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Foreign government funding for Israeli organizations totaled NIS 34,355,579 in 2012, according to a report issued on Monday by the NGO Monitor watchdog group. 2012 was the first year in which Israeli non-governmental organizations were required to report such donations, in line with the 2011 NGO transparency law. NGO Monitor reported on the funding of 30 local organizations “from a number of foreign governments” to finance what it describes as “political advocacy.” “NGOs receive funding from two primary channels, either via direct funding from foreign governments, or indirectly via third parties such as foundations and humanitarian, development, and religious NGOs,” according to NGO Monitor.

NGO Monitor president Prof. Gerald Steinberg stated that he believes the law to be an “international model for transparency.” “It has been proven to be effective and serves as a contribution to the democratic processes. Once received, the funding information is made public, allowing all Israelis to access data on the influence of foreign governments on political discourse,” Steinberg said, adding that he views “the amount of foreign funding going to NGOs involved in polarizing activity in the context of the Arab-Israeli conflict” as “alarming.”The positions taken by NGOs receiving foreign funding, he said, are “often contrary to the stated positions of the government funders.”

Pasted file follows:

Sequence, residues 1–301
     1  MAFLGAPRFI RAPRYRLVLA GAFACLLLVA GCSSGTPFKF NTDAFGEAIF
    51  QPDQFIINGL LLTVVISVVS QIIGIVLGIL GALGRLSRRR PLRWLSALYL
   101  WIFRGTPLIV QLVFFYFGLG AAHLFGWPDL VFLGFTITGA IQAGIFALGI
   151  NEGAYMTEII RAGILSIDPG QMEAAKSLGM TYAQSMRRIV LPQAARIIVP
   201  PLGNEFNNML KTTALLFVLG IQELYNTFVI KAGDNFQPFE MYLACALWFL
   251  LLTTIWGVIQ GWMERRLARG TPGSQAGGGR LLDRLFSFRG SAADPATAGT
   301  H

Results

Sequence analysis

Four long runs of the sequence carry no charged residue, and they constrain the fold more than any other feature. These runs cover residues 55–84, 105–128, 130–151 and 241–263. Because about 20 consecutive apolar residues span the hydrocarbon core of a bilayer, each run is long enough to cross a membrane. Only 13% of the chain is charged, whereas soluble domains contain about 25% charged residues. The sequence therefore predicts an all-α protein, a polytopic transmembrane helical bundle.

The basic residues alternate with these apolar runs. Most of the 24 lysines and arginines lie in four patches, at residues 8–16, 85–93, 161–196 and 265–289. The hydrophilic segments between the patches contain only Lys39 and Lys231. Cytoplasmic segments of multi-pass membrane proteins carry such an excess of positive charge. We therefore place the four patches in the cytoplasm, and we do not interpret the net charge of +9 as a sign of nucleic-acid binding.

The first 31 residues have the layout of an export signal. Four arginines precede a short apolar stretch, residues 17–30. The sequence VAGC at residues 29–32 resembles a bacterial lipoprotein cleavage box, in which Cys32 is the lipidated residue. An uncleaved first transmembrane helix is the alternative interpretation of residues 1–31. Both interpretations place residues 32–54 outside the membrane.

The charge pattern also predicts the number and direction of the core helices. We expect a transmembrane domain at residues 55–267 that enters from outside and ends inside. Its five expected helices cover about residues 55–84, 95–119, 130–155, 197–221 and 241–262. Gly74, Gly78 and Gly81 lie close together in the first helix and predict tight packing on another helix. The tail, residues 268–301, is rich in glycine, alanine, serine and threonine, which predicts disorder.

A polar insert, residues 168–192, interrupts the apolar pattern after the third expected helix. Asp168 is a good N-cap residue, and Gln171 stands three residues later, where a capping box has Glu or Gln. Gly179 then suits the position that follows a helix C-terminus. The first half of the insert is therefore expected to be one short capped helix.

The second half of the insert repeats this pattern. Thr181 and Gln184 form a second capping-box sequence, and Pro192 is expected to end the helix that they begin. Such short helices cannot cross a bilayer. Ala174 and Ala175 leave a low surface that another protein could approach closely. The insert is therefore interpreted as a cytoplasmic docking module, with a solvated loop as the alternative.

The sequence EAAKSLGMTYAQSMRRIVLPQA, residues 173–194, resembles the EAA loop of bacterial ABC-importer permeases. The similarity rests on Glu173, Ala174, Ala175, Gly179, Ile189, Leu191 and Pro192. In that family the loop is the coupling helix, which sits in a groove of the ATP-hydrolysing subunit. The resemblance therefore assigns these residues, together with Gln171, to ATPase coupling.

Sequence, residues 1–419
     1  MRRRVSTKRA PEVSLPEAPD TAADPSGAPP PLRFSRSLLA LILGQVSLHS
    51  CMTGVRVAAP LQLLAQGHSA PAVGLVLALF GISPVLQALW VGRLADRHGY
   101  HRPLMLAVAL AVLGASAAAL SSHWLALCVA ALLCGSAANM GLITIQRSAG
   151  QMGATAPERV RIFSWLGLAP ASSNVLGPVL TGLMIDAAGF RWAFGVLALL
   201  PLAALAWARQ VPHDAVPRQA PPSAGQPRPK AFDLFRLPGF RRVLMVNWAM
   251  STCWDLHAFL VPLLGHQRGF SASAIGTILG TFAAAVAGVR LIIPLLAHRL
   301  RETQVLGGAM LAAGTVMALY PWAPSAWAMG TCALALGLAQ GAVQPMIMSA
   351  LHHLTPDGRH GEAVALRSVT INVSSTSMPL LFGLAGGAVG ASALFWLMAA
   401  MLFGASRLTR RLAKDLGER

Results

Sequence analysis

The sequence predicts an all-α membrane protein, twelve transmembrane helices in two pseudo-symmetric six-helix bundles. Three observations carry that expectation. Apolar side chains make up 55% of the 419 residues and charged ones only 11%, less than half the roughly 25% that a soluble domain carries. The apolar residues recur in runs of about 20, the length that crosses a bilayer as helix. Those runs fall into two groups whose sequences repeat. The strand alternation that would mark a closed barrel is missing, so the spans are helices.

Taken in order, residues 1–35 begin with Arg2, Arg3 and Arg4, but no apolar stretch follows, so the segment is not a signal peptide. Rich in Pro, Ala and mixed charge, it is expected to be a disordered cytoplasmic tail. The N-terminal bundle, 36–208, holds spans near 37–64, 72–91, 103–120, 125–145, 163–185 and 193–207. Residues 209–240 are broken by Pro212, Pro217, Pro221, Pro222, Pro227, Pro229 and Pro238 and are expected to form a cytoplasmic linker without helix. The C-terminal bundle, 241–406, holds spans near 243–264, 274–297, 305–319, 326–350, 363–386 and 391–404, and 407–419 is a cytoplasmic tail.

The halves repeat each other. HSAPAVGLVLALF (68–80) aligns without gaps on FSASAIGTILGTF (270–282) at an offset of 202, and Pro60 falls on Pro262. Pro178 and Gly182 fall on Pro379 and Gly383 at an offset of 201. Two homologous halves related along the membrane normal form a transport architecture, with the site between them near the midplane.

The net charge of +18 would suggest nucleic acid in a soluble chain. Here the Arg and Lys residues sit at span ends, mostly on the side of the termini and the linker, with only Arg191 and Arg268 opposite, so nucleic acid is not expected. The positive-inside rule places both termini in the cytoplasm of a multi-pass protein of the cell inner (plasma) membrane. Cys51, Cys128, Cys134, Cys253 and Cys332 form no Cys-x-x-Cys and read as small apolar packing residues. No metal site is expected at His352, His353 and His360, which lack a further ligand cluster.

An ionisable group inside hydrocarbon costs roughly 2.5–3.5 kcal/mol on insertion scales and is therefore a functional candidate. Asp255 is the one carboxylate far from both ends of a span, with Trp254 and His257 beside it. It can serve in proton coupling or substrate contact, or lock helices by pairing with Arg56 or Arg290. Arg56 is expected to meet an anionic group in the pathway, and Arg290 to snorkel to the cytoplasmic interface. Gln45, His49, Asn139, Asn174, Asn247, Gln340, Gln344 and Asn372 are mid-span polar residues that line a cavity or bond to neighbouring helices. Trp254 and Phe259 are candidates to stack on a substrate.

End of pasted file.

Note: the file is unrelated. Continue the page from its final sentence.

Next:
“Additionally, some of the donors involved through indirect government support, such as Christian Aid, Diakonia, and the Norwegian Refugee Council, are also involved in the Durban strategy based on delegitimization campaigns targeting Israel,” Steinberg continued. Norway was the biggest donor to Israeli NGOs, NGO Monitor reported, with NIS 4,598,507 NIS donated to local organizations both directly and through third parties. B’Tselem led Israeli NGOs in the amount of foreign funding, the report stated, with NIS 4,144,203 received, followed by ACRI with NIS 3,614,668.